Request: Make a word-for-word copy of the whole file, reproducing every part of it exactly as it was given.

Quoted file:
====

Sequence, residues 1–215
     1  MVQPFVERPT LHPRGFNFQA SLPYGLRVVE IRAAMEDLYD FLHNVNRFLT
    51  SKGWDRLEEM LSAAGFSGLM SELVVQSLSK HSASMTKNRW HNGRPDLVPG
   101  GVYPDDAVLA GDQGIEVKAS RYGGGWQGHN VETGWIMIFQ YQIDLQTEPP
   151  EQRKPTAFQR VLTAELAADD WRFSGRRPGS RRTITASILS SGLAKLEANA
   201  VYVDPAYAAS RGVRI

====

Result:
Sequence, residues 1–215
     1  MVQPFVERPT LHPRGFNFQA SLPYGLRVVE IRAAMEDLYD FLHNVNRFLT
    51  SKGWDRLEEM LSAAGFSGLM SELVVQSLSK HSASMTKNRW HNGRPDLVPG
   101  GVYPDDAVLA GDQGIEVKAS RYGGGWQGHN VETGWIMIFQ YQIDLQTEPP
   151  EQRKPTAFQR VLTAELAADD WRFSGRRPGS RRTITASILS SGLAKLEANA
   201  VYVDPAYAAS RGVRI